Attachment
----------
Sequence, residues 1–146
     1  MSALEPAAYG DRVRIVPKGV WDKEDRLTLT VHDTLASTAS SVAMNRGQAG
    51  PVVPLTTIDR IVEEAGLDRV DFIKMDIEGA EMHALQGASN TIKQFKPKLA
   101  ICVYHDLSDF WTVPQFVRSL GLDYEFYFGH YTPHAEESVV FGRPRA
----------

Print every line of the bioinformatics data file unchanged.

Sequence, residues 1–146
     1  MSALEPAAYG DRVRIVPKGV WDKEDRLTLT VHDTLASTAS SVAMNRGQAG
    51  PVVPLTTIDR IVEEAGLDRV DFIKMDIEGA EMHALQGASN TIKQFKPKLA
   101  ICVYHDLSDF WTVPQFVRSL GLDYEFYFGH YTPHAEESVV FGRPRA